Jan 6, 2023 - Economy

Southwest's meltdown could end up being good for travelers

Illustration of an airplane ground crew member in front of a hundred dollar bill.

Illustration: Shoshana Gordon/Axios

A combination of regulatory threats and competitive pressure in the wake of Southwest Airlines' disastrous holiday meltdown could make it easier for travelers to assert their rights when travel plans go wrong.

Why it matters: Nearly 1 in 4 U.S. flights was canceled or delayed between January and September 2022, according to the Department of Transportation.

  • There's no more vivid example of how bad things can get than Southwest's recent debacle, which affected nearly 1 million travelers at the height of the holiday travel season.

What's happening: Southwest's recent failure has reignited discussions about a proposed Airline Passengers' Bill of Rights.

  • Sen. Richard Blumenthal (D-Conn.) is re-upping a bill he introduced in 2021 that would essentially ensure that airlines give refunds and compensation for extra costs caused by delayed or canceled flights and lost luggage.
  • "Rental cars, hotel, meals, no questions asked, money back," Blumenthal said, per CBS News.

Meanwhile: Transportation Secretary Pete Buttigieg is threatening to crack down on Southwest if the airline fails to take care of affected customers.

  • "No amount of financial compensation can fully make up for passengers who missed moments with their families that they can never get back — Christmas, birthdays, weddings, and other special events," Buttigieg wrote in a recent letter to Southwest CEO Bob Jordan.
  • "That's why it is so critical for Southwest to begin by reimbursing passengers for those costs that can be measured in dollars and cents."

Where it stands: Southwest says it has largely resumed its normal schedule, with a 99.1% completion rate over the New Year's weekend.

  • The airline is still working to reunite customers with their lost luggage and to reimburse passengers caught up in the chaos.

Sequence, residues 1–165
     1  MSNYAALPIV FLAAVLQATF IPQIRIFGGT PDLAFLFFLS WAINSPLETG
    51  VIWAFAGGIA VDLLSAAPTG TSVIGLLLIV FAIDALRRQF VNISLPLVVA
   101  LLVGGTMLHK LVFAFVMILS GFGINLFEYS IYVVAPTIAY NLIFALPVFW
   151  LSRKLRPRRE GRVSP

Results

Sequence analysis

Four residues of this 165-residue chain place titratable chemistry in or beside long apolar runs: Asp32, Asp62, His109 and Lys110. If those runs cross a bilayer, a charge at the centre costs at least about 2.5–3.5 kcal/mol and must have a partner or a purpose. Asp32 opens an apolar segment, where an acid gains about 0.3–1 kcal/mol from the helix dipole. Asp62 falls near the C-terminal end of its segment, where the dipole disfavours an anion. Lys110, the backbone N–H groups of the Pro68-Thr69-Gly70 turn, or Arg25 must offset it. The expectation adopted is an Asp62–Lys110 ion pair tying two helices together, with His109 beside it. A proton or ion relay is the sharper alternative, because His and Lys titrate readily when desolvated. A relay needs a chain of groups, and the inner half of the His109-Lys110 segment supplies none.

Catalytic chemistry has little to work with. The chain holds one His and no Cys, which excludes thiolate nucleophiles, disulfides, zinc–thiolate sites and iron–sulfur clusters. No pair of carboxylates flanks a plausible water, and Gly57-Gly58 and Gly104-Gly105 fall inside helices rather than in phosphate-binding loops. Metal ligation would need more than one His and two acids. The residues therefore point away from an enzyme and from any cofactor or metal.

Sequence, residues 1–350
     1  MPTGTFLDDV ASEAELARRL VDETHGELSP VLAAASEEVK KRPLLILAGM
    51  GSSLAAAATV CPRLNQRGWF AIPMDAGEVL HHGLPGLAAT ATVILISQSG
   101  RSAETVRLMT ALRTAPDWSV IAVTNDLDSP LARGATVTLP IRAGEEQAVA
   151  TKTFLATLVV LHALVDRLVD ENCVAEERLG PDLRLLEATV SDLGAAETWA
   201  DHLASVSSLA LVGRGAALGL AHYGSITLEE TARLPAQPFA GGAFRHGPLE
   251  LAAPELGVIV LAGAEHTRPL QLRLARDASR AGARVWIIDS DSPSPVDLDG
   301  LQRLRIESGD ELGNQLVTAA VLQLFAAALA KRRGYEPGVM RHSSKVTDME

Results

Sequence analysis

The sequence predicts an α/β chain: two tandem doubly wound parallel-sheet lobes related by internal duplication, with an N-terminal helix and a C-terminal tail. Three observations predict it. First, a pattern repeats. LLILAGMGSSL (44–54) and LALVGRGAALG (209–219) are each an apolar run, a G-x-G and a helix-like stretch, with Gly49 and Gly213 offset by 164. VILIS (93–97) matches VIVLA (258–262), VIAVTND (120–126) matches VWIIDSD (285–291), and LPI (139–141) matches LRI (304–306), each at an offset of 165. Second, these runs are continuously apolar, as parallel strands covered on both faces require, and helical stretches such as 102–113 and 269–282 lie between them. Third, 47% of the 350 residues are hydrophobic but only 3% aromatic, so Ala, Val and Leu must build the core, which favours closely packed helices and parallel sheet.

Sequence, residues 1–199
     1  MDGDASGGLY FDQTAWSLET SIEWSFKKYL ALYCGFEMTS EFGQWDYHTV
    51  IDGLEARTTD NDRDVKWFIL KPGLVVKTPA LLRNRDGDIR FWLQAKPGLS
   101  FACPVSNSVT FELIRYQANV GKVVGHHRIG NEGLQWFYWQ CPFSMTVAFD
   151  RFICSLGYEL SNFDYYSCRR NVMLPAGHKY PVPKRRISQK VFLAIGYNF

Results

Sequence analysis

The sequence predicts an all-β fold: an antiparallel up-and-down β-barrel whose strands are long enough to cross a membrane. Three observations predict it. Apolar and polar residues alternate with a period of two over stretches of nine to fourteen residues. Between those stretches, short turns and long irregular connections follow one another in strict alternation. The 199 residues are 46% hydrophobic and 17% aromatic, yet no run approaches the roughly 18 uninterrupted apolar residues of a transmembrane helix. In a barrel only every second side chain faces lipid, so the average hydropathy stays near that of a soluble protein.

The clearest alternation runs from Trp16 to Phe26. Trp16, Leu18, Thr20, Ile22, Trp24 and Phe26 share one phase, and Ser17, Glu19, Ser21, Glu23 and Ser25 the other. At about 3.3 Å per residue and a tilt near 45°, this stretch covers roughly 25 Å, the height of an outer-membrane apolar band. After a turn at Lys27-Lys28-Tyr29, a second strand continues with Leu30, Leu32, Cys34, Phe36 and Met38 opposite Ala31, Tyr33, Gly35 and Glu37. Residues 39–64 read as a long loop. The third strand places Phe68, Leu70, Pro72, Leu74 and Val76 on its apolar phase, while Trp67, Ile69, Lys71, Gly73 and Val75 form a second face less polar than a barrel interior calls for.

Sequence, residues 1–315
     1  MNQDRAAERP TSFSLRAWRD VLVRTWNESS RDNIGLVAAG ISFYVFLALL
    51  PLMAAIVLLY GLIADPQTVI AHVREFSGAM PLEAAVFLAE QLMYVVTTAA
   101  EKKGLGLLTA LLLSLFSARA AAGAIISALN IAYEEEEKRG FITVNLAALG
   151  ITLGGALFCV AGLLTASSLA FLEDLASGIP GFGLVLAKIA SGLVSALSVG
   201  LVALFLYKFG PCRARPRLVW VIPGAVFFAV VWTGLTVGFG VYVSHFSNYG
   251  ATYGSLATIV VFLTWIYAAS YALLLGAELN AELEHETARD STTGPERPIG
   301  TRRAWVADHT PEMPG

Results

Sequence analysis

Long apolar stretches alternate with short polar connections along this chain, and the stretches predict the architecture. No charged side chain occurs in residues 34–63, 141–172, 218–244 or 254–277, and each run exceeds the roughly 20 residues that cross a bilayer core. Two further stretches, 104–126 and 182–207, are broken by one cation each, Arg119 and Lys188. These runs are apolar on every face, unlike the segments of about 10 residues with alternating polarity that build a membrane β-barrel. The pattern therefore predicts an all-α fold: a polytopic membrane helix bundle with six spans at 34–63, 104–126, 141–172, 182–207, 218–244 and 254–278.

• In a "goodwill gesture," Southwest is offering 25,000 "Rapid Rewards" points worth $300 toward a future flight — on top of other refunds and reimbursements it has already paid out.

Zoom in: For Southwest passengers like Zack Griff, a senior writer at travel site The Points Guy, such payouts can add up.

  • He got a refund for his canceled Southwest flight, reimbursement for an alternate flight, a $250 travel voucher, plus the 25,000 rewards points, he tells Axios.
  • Essentially, he was compensated four times for Southwest's screw-up.

The big picture: The Department of Transportation had already been turning up the heat on airlines in the wake of travel disruptions last summer.

  • It's proposing new rules that would enhance airline refund policies and require carriers to be more transparent about surprise add-on fees.
  • The agency also published a new customer service dashboard allowing travelers to see which services and amenities they should receive from particular airlines if they experience delays or cancellations caused by problems within airlines' control, like mechanical or staffing issues.
  • DOT officials say the pressure it's putting on airlines has inspired many to step up their game. Some are now guaranteeing meals and hotel accommodations when a flight is delayed or canceled, for example.

The bottom line: Refunds are costing the industry big bucks.

  • From January 2020 through September 2022, airlines issued $29.3 billion in cash refunds — just under $1 billion per month, according to Airlines for America.
  • Cash refunds through the first nine months of 2022 amounted to $8.3 billion, more than all refunds issued in 2021.
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